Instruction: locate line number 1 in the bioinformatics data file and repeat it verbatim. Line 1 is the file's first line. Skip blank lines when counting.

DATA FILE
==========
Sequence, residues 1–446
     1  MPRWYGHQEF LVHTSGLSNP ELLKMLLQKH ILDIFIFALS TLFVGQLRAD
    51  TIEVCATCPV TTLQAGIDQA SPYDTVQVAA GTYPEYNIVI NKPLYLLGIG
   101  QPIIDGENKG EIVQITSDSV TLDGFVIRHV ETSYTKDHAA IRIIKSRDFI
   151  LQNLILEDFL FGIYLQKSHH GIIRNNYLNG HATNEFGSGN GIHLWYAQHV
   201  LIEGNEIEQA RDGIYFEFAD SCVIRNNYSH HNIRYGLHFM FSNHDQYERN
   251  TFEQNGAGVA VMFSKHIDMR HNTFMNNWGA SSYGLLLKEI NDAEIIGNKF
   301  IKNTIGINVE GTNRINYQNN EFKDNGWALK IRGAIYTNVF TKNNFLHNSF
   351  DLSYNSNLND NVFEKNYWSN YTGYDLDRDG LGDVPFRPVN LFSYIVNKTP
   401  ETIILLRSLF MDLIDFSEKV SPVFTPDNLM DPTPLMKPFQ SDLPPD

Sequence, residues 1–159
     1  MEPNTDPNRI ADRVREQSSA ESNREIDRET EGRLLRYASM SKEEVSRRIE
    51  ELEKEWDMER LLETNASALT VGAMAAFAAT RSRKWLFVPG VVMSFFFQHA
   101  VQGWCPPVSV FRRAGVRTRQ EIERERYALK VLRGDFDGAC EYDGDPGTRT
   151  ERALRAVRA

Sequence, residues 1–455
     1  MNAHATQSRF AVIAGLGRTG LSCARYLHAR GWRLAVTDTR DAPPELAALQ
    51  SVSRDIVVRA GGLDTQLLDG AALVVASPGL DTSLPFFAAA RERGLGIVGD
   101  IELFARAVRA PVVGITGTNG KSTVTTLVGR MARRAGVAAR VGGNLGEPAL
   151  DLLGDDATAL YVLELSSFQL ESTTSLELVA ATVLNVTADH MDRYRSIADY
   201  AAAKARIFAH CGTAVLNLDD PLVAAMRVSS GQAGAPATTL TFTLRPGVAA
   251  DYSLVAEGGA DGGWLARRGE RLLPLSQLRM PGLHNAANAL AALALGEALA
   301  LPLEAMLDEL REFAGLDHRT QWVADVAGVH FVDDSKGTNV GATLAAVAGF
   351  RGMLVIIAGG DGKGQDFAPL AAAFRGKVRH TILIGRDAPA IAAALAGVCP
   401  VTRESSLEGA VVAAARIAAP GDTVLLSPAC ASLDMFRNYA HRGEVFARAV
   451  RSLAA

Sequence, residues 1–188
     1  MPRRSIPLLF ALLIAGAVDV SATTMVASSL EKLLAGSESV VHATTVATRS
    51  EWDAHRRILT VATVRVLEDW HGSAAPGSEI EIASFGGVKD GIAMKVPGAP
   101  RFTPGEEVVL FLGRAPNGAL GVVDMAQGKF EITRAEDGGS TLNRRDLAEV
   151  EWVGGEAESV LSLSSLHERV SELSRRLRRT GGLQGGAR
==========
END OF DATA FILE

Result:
Sequence, residues 1–446